Today Mags’s ears were a bit deaf with wax, so Jeanette spent the whole morning blaming her for everything that had gone wrong and blithely telling the others: It’s all right, she can’t hear anything. The ironers are supposed to put a card in with each load saying “Your ironing today was done by –“. Most of them (including Mags) don’t like doing it and so the compromise is to use pseudonyms. Jeanette’s is “Joshua”.


Matthew (the daytime delivery driver) came back with ten loads that he hadn’t delivered. He had made a mistake, but that was supposed to be impossible with his new fail-safe system so he blamed Mags too. Mags has to look after them all like children. She knows that you can’t have a fail-safe system. Mistakes will happen and you just have to double-check constantly. Matthew gets very upset when things go wrong and he needs a lot of soothing but you can put up with that because he does stick at it and he does turn up. They're having terrible trouble finding someone for the evening deliveries. The last two Thursdays running they arrived to find that the latest agency person had just cut and run, leaving all the deliveries in the shop , a bunch of disgruntled customers and chaos all day trying to sort it out.


There’s no time for a proper break, so they eat on the go. Mags started to get very bored of sandwiches from the Co-op down the street. “Why do they insist on putting tuna in malted bread?” she complained. It’s the malt mountain, I explained. It was a condition of joining the EU; Britain had to sign up to eat a quota of malt. “But it just doesn’t go,” says Mags. “It’s like eating fish with gravy.”    *


Janet, a customer, is back from hospital after heart surgery, so Mags is doing her ironing again.  She has big problems with fluid retention but her voice sounds a bit stronger. She still has a crafty fag – you can smell it. Her great fear is that the next time she’s “taken ill” they’ll notice if the sheets have not been ironed. For some wrinkles there’s really no excuse.


It so happens that most of the regular ironers are in their menopause years. Their parents are ancient, amazing or gone. Some of them like gardening and most of them would like to have a home in the sun. They have very little money. The tips money they bet on the horses. Matthew lays the bets. They don’t know anything about races or names, only the odds. “I told him to put a quid on at five to one on the nose,” Mags tells me.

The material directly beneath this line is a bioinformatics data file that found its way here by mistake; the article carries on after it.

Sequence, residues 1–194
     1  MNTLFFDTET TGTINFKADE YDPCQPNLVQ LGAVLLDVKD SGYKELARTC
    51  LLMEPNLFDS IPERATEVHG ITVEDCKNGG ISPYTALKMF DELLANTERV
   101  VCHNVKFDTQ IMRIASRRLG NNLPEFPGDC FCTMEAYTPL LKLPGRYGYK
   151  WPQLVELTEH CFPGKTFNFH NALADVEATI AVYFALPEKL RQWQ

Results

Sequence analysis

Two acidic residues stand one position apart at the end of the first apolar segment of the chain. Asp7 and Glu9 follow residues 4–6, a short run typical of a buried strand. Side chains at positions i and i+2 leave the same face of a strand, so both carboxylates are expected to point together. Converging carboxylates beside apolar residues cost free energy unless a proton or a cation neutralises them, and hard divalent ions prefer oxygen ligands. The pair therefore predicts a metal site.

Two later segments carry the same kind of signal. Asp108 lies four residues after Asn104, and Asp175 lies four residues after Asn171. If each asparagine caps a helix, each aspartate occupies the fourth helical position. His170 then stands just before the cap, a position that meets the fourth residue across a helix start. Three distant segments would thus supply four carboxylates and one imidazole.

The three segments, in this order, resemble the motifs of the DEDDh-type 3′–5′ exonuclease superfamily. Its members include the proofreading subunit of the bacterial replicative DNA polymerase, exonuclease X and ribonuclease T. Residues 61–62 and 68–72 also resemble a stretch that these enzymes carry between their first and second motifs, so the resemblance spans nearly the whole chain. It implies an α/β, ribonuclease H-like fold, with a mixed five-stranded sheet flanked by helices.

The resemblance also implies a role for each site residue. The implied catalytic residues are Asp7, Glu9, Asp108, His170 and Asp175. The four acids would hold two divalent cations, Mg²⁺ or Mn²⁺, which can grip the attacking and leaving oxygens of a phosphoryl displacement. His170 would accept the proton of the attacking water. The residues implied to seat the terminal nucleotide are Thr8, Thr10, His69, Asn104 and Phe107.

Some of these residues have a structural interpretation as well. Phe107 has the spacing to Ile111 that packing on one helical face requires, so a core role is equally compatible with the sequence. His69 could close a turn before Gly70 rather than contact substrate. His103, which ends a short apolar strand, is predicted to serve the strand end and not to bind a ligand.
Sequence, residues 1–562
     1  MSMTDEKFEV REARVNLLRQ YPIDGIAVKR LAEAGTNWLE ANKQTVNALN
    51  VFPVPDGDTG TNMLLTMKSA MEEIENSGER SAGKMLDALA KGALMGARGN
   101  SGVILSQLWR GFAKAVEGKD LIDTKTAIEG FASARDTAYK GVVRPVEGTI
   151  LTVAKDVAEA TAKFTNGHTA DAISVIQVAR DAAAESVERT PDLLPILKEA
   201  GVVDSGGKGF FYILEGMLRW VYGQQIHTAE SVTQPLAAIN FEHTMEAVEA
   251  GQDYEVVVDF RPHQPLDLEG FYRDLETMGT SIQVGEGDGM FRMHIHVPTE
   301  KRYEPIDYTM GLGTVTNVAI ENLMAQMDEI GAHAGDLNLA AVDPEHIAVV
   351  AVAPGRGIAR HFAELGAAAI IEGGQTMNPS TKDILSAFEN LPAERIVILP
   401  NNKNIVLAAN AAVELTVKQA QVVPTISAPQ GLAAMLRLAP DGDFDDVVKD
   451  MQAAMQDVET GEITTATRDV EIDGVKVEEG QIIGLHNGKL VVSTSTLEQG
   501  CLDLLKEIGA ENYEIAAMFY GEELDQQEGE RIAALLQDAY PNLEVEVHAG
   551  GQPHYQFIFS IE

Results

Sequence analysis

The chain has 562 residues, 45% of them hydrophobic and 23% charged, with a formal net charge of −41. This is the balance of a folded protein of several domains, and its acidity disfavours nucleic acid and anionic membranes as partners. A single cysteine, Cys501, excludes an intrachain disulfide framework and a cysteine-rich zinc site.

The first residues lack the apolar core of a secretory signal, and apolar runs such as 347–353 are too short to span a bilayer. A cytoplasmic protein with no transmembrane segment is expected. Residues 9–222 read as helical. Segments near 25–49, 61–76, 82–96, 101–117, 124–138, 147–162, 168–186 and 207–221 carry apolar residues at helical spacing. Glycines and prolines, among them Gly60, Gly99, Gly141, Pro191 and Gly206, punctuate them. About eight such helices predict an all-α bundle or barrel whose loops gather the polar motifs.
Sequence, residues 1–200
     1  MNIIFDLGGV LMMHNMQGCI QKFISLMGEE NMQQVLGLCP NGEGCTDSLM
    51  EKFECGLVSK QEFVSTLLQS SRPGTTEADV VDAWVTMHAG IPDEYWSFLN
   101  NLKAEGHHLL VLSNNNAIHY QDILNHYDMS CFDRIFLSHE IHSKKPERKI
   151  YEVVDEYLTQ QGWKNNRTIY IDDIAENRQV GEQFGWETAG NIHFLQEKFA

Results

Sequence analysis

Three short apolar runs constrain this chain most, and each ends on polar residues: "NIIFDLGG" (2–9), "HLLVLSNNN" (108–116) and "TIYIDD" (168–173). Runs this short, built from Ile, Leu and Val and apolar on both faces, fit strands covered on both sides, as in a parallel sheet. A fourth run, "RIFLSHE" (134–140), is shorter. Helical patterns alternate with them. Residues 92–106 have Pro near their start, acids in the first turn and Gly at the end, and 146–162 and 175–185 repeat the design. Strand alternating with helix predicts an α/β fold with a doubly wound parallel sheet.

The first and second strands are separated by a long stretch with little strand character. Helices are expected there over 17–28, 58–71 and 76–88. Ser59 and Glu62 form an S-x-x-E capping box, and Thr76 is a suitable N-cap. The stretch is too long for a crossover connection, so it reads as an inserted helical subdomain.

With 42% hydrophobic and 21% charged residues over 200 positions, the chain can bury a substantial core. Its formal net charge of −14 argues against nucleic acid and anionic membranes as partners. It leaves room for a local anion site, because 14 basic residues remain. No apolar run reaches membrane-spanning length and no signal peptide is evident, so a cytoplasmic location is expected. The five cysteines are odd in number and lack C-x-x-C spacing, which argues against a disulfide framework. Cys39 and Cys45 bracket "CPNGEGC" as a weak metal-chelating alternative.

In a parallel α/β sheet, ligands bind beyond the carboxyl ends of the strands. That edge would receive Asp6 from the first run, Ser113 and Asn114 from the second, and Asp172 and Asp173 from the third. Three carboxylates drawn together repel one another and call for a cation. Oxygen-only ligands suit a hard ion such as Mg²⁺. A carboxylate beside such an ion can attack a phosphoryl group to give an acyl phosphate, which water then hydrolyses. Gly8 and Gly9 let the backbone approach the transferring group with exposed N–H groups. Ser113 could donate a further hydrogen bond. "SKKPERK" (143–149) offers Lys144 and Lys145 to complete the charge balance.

“Ironing is a great leveller,” said Mags.


It was hard to avoid expressions like that. Just as cleaners catch themselves out using clichés like “sweeping it under the carpet”, so Mags constantly found herself saying:


“We’ve been going flat out all day.”


“I’m a bit pressed for time but I’ll try to squeeze you in.”


 She spoke of “ironing out the creases”, of “striking while the iron’s hot”. And, in due course, of having “other irons in the fire”.


The good times at the ironing shop lasted for the best part of two years. But there’s not much security in this kind of job. Alison left the ironers on their own. They loved the informality and the responsibility; morale was high. Cash was just in a cashbox and when they needed something like a new iron or some diesel for the van they just took the money and wrote a note. But last October Alison came into the shop and said she was selling up.


The new owner was Debbie and she was a different kettle of fish. She already had a hundred employees in other businesses. She changed the pay arrangements so everyone was paid a week in arrears; she had a proper BACS system, not cash in hand. But a week soon turned into two weeks, then three... When you’re on a low income, it hurts. She forbade all extra hours. She didn’t care if that meant letting down the customers. They’d just have to put up with it. The atmosphere changed, people started to leave. Debbie didn’t care. Mags tried to talk to her about the effect on morale. “I won’t be held to ransom,” Debbie said. All the other things she said, except this one, appeared to be dishonest. She’d say whatever sounded good and then just carry on. It’s easy enough to make people leave and no doubt she thought it would be much more convenient if all the staff were new and had no memories of how it used to be.


Quiet, improvident Susie was the first to go; then Paula, then Glaswegian Rose. Mags stuck it out for a couple of months. Inside she was seething. She’d been there from the start. She’d created a beautiful, friendly, place to work and the customers loved her. She’d nurtured the others, nipped quarrels in the bud, filled even dyslexic Matthew with self-belief. But Debbie never offered a word of recognition, she didn't see any need for supervisors. Finally, Mags’s will was broken. She accepted her demotion and just tried to zip her lip, clinging to the remnants of her job. But Debbie wasn’t content with that, so she confronted Mags and gave her a verbal warning for being uncooperative.  That was Mags’ last day; she never went back. Anyhow, the way it worked out with the council rent and the tax and the bus fares, she’d have more money being on the dole. But how she misses it. Every time I see her she talks about her work, she recalls another funny story, as if the gang are still all there and all she has to do it get on a bus and go back. And once or twice she’s made me drive past the shop to see if the dreaded computerized till has appeared yet.



* Written in 2004. This is how we used to joke about the EU in those blissful days before Brexit.    


Post a Comment

<< Home

Powered by Blogger